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  • Jen Johnson


Plastic waste is a growing issue as 85% or more of plastic consumed in the United States ends up in landfills. Not only that, but microplastics are being released into our ground and water from our washing machines, cleaning products, and larger plastics that break down but don’t disappear. We’ve talked about microplastic’s effects on the human body, but how does plastic pollution affect wildlife?


About 11 million tons of plastic waste end up in our oceans yearly, and it’s not slowing down anytime soon. We are currently on a trajectory for plastic waste and pollution to continue to increase over the next 20 years. It is predicted that our oceans and waterways will soon contain more plastic waste than fish, which has an adverse effect not only on their homes but also inside their bodies.

Turtles, seabirds, and fish consume plastic, mistaking them for food and creating a deadly outcome due to choking or intestinal blockage. Plastics and microplastics also attract harmful chemicals that can cause sickness, disease, infertility, or even death when ingested. These microplastics and chemicals also make their way up the food chain affecting the other animals that might have otherwise avoided eating plastic. Eventually, this makes its way back into our human diets. While the effects of microplastics on the human body have not yet been revealed, we can be sure that we will suffer similar consequences to our marine friends.


Like marine life, land animals often ingest plastic waste, choke, and have intestinal blockages. Cases of animal deaths due to plastic consumption have increased over the last several years and are expected to continue.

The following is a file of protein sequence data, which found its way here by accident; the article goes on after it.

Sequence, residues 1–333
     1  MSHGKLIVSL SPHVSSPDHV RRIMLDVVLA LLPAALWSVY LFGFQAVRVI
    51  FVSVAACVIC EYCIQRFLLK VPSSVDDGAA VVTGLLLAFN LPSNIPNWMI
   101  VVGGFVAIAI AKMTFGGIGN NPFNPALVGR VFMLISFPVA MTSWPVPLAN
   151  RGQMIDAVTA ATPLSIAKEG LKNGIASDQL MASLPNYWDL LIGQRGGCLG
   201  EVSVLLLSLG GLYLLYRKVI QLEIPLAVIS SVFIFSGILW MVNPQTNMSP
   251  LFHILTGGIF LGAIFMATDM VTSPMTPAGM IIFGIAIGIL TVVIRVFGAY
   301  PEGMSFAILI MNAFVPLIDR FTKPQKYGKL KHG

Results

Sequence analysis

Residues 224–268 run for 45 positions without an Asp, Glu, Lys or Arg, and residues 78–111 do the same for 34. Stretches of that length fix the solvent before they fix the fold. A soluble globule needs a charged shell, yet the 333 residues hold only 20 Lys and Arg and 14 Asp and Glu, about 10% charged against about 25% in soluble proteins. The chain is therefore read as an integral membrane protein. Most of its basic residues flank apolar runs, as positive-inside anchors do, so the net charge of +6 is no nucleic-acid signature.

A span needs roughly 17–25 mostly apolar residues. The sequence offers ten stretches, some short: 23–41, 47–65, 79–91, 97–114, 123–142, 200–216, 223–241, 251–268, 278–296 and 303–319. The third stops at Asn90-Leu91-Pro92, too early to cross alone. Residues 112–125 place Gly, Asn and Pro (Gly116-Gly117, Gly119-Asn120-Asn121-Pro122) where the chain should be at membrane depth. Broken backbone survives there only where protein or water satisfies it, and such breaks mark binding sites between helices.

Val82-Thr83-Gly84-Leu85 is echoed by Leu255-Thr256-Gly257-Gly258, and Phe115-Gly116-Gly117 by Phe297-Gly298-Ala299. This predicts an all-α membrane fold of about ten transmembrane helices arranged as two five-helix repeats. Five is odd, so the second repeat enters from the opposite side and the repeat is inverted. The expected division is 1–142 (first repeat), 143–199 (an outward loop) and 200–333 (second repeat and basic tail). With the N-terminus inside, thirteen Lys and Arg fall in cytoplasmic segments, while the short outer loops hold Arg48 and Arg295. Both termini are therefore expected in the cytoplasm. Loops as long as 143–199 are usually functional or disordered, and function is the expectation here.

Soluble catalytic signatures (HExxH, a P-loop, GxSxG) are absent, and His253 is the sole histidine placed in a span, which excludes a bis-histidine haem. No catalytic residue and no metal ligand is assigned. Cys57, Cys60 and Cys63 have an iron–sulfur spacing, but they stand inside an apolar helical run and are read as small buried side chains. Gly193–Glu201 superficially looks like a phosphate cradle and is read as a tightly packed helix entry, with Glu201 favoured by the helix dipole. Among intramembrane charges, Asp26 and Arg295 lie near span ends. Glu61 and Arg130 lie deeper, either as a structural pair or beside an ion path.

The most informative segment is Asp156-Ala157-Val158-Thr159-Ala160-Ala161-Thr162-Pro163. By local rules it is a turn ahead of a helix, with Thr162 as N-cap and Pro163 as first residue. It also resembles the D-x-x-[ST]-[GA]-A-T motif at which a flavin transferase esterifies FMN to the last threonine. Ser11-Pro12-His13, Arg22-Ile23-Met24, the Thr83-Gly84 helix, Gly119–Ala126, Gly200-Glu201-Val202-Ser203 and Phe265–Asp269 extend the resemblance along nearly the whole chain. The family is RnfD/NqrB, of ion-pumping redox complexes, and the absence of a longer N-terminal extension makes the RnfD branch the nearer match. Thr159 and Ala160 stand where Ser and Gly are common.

Land animals have also often become entangled, entrapped, or impaled by plastic waste, causing detrimental harm to their bodies and overall wellbeing. It can impair their ability to walk, fly, hunt, forage for food, or even consume food altogether.

Microplastics don’t just affect marine animals. They are leaching into the soil from local water sources and landfills and affecting vegetation and creatures that cultivate the ground.


While all of this information might feel pretty discouraging, there are action steps that we can all take today that will make a difference for tomorrow. We have the power to work together to save the ecosystem from the effects of our plastic pollution. Here are some ways you can make a difference:

REDUCE, REUSE, RECYCLE You’ve heard it repeatedly, but it remains the simplest way to create less plastic waste. Reduce your plastic usage by buying reusable containers, avoiding single-use plastic items, and shopping sustainably. Reuse plastic bags and containers as much as possible so that fewer plastic items end up in the trash. And finally, recycle everything you can! GET INVOLVED WITH ENVIRONMENTAL ORGANIZATIONS Numerous organizations are already doing fantastic work to reduce plastic waste and educate others about the dangers of plastic pollution. Check out these seven awesome organizations protecting the oceans! INSTALL A FILTROL One load of laundry can produce thousands of microfibers (microplastics measuring 5mm or less). A one-time investment of a Filtrol washing machine filter can prevent up to 89% of microplastics from leaving your home and invading water sources.



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